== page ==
Flint’s economy has been troubled since the 1980s. None of what has happened in Flint took place overnight- it happened over decades- and the city and its residents were slow to act, probably because we couldn’t see a future for the city beyond making cars for GM. The Flint of the 80s was one that thought that big projects would help downtown and the city as a whole. So, we had a Hyatt Regency hotel built around 1981. Then there was the white elephant that was Autoworld, an amusement park based on the car, in 1984. Water Street Pavillion, a glass structure filled with shops was opened in 1986. All of these things were big and flashy and a way to help downtown become a destination.
And all three flopped.
These projects were big and shinny, but they were not of the community. No one was asking for a Hyatt downtown, let alone an amusement park with no thrill rides. These things were funded with public and foundation dollars and all of that money went to waste.
The things that are taking place in downtown Flint today are not flashy, but they are what the people who live and work in this town want; a place to have a nice meal or drink with friends, a place to view art or by some organic cabbage. It’s these simple things that I believe will revitalize downtown and the city as a whole.
None of this means everything is fine in Flint. Of course, the water crisis is still big news: while the water is now safe to drink, people are still distrustful of the water and probably will be until all the lead water lines are replaced which will take a few years. There are still neighborhoods of blight. African Americans who make up the majority of the population don’t have access to a good education let alone jobs. Crime is still a problem. The city is still losing population.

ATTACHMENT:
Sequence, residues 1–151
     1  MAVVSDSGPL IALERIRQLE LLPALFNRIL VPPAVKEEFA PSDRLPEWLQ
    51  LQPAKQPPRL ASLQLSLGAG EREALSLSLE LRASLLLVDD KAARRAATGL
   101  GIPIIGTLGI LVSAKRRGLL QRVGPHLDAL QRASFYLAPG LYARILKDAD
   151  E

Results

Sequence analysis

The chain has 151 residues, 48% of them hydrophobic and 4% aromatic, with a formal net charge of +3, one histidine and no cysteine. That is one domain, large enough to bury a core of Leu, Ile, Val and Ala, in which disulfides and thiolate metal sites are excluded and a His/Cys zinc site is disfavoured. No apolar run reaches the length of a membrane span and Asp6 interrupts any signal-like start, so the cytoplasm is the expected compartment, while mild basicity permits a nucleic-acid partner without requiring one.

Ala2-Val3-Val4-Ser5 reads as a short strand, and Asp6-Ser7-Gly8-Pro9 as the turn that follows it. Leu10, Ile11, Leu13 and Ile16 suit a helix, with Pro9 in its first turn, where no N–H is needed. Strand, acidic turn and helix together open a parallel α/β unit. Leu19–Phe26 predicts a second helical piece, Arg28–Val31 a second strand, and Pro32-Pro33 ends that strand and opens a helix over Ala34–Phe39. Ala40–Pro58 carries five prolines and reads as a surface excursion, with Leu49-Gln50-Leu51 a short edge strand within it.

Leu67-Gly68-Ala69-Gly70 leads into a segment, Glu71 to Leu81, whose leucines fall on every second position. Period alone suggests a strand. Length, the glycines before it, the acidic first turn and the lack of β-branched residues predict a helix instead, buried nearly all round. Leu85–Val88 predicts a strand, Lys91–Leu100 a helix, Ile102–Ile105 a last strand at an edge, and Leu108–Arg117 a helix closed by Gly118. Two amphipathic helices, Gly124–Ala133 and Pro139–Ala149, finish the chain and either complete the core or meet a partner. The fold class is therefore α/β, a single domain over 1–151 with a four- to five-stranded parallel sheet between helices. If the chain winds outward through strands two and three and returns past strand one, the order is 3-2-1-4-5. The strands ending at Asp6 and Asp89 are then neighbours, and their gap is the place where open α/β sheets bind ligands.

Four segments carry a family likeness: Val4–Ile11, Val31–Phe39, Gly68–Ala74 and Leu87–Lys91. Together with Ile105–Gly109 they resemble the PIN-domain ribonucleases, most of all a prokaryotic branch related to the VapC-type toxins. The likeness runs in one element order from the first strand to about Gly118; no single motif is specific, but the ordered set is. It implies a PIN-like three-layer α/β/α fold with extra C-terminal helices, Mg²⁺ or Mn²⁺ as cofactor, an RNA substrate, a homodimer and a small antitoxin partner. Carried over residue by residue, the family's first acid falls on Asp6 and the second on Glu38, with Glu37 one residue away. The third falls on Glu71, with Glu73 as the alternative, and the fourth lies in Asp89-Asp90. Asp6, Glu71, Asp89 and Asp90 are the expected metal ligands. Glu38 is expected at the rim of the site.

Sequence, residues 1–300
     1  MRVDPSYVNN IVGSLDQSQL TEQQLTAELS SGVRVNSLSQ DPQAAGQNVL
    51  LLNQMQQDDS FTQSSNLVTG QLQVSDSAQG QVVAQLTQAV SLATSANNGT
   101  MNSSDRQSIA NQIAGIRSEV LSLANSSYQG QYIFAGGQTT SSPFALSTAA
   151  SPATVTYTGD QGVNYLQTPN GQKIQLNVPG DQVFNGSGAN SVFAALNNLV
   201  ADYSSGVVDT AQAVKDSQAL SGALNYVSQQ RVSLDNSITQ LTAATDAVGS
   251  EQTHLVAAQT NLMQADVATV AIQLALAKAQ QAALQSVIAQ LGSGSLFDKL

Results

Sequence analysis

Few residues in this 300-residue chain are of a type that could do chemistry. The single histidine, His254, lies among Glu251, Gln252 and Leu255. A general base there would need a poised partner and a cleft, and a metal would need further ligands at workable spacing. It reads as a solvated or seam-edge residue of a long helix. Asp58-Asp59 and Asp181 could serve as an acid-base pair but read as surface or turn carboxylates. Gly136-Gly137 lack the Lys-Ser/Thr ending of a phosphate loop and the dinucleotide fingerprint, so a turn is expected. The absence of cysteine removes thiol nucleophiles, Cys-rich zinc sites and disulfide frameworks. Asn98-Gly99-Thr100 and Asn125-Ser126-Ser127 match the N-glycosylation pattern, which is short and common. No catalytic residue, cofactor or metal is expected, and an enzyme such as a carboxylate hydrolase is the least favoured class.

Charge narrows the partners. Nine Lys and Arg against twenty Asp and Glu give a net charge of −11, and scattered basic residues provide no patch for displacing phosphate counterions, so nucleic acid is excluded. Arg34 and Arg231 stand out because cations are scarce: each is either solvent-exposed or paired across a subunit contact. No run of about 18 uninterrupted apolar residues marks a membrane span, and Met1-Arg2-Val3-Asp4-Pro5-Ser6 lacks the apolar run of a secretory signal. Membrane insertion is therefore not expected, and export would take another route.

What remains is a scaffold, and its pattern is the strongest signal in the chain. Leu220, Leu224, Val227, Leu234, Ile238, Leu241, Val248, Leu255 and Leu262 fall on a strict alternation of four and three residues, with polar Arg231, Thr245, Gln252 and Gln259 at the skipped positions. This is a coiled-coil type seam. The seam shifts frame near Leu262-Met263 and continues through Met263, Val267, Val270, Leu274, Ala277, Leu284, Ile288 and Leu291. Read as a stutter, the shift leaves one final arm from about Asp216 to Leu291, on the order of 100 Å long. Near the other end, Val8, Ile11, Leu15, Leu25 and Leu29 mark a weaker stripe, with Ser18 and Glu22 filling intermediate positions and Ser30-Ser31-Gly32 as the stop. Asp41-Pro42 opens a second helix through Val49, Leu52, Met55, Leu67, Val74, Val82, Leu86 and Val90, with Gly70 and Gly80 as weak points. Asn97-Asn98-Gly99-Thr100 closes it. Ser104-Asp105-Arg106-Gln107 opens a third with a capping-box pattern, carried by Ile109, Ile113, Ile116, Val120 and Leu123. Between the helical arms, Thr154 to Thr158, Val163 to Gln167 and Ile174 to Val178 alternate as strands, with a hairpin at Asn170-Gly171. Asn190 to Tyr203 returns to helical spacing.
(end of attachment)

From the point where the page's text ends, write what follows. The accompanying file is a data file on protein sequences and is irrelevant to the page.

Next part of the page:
But Flint is not just a “poor me” story. There are signs of hope taking place all over and it is happening not because of big business or government, but because local people are stepping up.
Places like the Ferris Wheel and Factory Two are giving people the tools to launch new businesses. Two cobblers started Sutorial Boots and Shoes. Right above Sutorial is Good Boy Clothing started by a young man who used his tax refund to start his business. Flint, the scrappy city that I call home is trying hard to reinvent itself.
The seeds of Flint’s revival are taking root. As I walked through the Farmer’s Market back in 2014, I encountered a meeting of young people interested in investing in Flint and Genesee County. Seeing that gave me hope that my hometown will make it. It won’t be saved by a big employer like GM or by blingy projects, but it will happen organically with people who live here stepping up and making a difference one by one.
The thing that makes me proud of where I grew up is that its people are working to keep the city alive. The national media can only see Flint as a broken city and well, that is true. But its also a city that is healing itself after decades of neglect. Flint won’t ever be the big auto manufacturing town it once was, but it is starting to arise from the ashes. What Flint will be next is anyone’s guess, but I am excited to see what will happen.
Flint has long been a city that can break your heart at times. But that trip four years ago made me see that it can also uplift your heart as well.
Originally published at ordinary-times.com on July 31, 2014.